All chemicals and standards described below were of either HPLC or LC-MS grade. (+)-Catechin (≥98%, HPLC grade, cat# C1251), (−)-catechin (≥98%, HPLC grade, cat# C0567), (−)-epicatechin (≥98%, HPLC grade, cat# E4018), (−)-epigallcatechin (≥98%, HPLC grade, cat# E3768), (−)-gallocatechin (≥98%, HPLC grade, cat# G6657), (−)-catechin gallate (≥98%, HPLC grade, cat# C0692), (−)-epigallocatechin gallate (≥80%, HPLC grade, cat# E4268) and (−)-gallocatechin gallate (≥98%, HPLC grade, cat# G6782) were purchased from Sigma-Aldrich® (St Louis, MO, USA). Procyanidin B1 and B2 (HPLC grade, cat# ASB-16230 and 16231, respectively) were purchased from Chroma Dex™ (Irvine, CA, USA). Acetonitrile (LC-MS grade, cat#: 9829-03), glacial acetic acid (HPLC grade, cat#: 9515-03), and methanol (LC-MS grade, cat#: 9830-03) were purchased from Avantor® (Center Valley, PA, USA). Ethyl alcohol (200 proof, cat#: EX0276-1) was purchased from EMD (Burlington, MA, USA). Water (LC-MC grade, cat#BJLC365) was purchased from VWR® (Radnor, PA, USA).

4.2. Plant Material

FLH 13-11 and FLH 17-66 vines were grown at the Castle Hayne research station in Wilmington, North Carolina (Elevation: 33 feet, 34.27° N, 77.9° W). In this area, berries are fully ripened in the first two weeks of September every year. We collected ripened berries on the 6th of September 2011 and 10th of September 2012. Fruits on vines were directly harvested to an ice cooler and then transported to laboratory. Each cultivar was collected three biological samples, each with 500 g to 1.0 kg. All fresh berries were frozen in liquid nitrogen completely and then stored in a −80 freezer. For each biological sample, all frozen berries including skin, fresh, and seeds (each berry has 2–3 seeds) were ground to a fine powder in liquid nitrogen using a steel blender. Powdered samples were completely dried in 72 h via lyophilization (VirTis #24DX48 GPFD 35L EL-85, SP Scientific, Stone Ridge, NY, USA) from −40 °C to −20 °C. Dried powder samples were stored in a −80 °C freezer until extraction of PAs described below.

4.3. Extraction of Flavan-3-ols

Dried berry powder sample (0.1 g) was suspended in 1.0 mL extraction buffer, which was composed of 0.5% HCl in methanol: deionized water (diH2O) (50:50, v/v) in a 2 mL Eppendorf tube at room temperature. For each biological sample, three technical replicates were extracted to reduce technical variation. The tube was vigorously vortexed for 45 s, sonicated for 10 min, and then centrifuged at 10,000 rpm (9391 rcf) for 10 min. The supernatant was transferred into a new 1.5 mL tube. This step was repeated using 0.5 mL extraction buffer. The two extractions were pooled together in the 1.5 mL tube. To remove chlorophyll and non-polar lipids in the extraction, the 1.5 mL methanol: water extraction was mixed with 0.5 mL chloroform in a 2 mL tube. The mixture was vortexed vigorously for 45 s and centrifuged at the speed of 10,000 rpm (9391 rcf) for 5 min. The resulting upper methanol: water phase (750 µL) containing flavan-3-ols and oligomeric PAs was pipetted into a new 1.5 mL tube. The bottom chloroform phase containing chlorophyll and non-polar lipids was disposed of into a waste container. These steps were repeated once. The resulting 750 µL upper phase was stored at a −20 °C freezer and then was dried off using a SpeedVac Concentrator connected to Refrigerated Condensation Trap for 2 h. The remaining pellets was dissolved in 750 µL of acidified methanol (0.1% HCl). The tube was centrifuged at 10,000 rpm (9391 rcf) for 10 min. The resulting clear supernatant was transferred to a new 2 mL tube and then stored at −20 °C for flavan-3-ol analysis. A volume of 200 µL extract for each sample was transferred to a glass insert, which was placed in a 1.5 mL glass vial for HPLC and LC-MS analysis. Three biological replicates were completed for each cultivar in each year.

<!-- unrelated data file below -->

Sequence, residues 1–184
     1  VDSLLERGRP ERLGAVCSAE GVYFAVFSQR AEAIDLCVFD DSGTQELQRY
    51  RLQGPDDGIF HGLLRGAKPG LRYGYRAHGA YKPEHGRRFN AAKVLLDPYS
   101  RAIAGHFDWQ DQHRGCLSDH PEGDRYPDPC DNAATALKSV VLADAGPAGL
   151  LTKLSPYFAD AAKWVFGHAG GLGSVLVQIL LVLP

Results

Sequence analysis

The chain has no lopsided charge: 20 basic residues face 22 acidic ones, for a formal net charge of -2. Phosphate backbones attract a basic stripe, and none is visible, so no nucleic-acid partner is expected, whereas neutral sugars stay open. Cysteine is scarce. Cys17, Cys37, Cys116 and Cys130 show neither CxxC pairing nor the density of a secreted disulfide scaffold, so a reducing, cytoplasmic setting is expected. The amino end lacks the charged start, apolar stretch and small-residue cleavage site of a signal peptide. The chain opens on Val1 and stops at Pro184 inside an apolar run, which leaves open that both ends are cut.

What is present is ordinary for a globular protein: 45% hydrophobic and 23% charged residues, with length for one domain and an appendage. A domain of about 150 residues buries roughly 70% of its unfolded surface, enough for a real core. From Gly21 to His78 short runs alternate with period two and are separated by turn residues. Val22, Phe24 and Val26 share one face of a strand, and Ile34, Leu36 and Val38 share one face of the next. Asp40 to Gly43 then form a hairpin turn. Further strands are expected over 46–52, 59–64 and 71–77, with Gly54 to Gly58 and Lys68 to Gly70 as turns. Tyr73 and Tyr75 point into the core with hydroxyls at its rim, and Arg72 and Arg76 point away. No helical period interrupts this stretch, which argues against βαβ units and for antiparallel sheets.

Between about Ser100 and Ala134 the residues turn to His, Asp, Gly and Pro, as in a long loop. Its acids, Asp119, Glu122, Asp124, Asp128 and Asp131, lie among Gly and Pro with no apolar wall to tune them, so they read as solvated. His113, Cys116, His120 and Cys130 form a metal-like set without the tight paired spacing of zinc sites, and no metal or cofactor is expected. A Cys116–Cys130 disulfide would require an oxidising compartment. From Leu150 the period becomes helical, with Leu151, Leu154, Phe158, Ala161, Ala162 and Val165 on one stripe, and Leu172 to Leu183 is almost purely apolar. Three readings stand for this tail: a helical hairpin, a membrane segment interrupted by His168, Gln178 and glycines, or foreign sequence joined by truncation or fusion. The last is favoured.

4.4. High Performance Liquid Chromatograph-Quadrupole Time-of-Flight-Tandem Mass Spectrometer (HPLC-qTOF-MS/MS) Analysis

HPLC-TOF-MS/MS analysis was performed on Agilent Technologies (Santa Clara, CA, USA) 6520 time-of-flight LC-MS/MS. The mobile phase solvents were composed of 1% acetic acid in water (solvent A: 1% HPLC grade acetic acid in LC-MS grade water) and 100% acetonitrile (solvent B) (LC-MS grade), which formed a gradient solvent system to separate flavan-3-ols and oligomeric PAs in an Elipes XDB-C18 analytical column (250 × 4.6 mm, 5 µM, 25 °C, Agilent). The gradient solvent system was composed of ratios of solvent A to B: 85:15 (0–10 min), 85:15 to 80:20 (10–20 min), 80:20 to 75:25 (20–30 min), 75:25 to 65:35 (30–35 min), 65:35 to 60:40 (35–40 min), 60:40 to 50:50 (40–55 min), 50:50 to 10:90 (55–60 min), and 10:90 to 90:10 (60–70 min). After the last gradient step, the column was equilibrated and washed for 10 min with solvents A:B (85:15). The flow rate was 0.4 mL/min. The injection volume of samples was 5.0 µL. The drying gas flow and the nebulizer pressure were set at 12 L/min and at 50 psi, respectively. Metabolites were ionized with the negative mode. The mass spectra were scanned from 100 to 3000 m/z. The acquisition rate was three spectra per second. Other MS conditions included fragmentor: 150 V, skimmer: 65 V, OCT 1 RF Vpp: 750 V, and collision energy: 30. In addition, the UV spectrum was recorded from 190 to 600 nm. Nine authentic standards, (+)-catechin, (−)-epicatechin, (−)-epigallocatechin, (−)-gallocatechin, (−)-catechin gallate, (−)-epigallocatechin gallate, (−)-gallocatechin gallate, and procyanidin B1 and B2, were used as positive controls.